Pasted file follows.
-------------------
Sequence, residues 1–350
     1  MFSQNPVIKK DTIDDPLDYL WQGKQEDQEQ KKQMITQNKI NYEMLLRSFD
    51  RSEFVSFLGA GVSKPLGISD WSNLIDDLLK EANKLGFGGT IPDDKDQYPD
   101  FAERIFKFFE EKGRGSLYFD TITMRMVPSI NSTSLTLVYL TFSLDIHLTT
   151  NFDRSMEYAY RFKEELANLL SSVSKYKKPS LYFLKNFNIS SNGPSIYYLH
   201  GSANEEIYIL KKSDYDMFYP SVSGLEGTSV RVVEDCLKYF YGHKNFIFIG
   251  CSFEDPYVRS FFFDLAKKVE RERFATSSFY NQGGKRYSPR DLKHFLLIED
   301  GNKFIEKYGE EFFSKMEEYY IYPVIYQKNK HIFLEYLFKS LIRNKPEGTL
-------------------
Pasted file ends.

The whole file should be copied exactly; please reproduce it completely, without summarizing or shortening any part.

Sequence, residues 1–350
     1  MFSQNPVIKK DTIDDPLDYL WQGKQEDQEQ KKQMITQNKI NYEMLLRSFD
    51  RSEFVSFLGA GVSKPLGISD WSNLIDDLLK EANKLGFGGT IPDDKDQYPD
   101  FAERIFKFFE EKGRGSLYFD TITMRMVPSI NSTSLTLVYL TFSLDIHLTT
   151  NFDRSMEYAY RFKEELANLL SSVSKYKKPS LYFLKNFNIS SNGPSIYYLH
   201  GSANEEIYIL KKSDYDMFYP SVSGLEGTSV RVVEDCLKYF YGHKNFIFIG
   251  CSFEDPYVRS FFFDLAKKVE RERFATSSFY NQGGKRYSPR DLKHFLLIED
   301  GNKFIEKYGE EFFSKMEEYY IYPVIYQKNK HIFLEYLFKS LIRNKPEGTL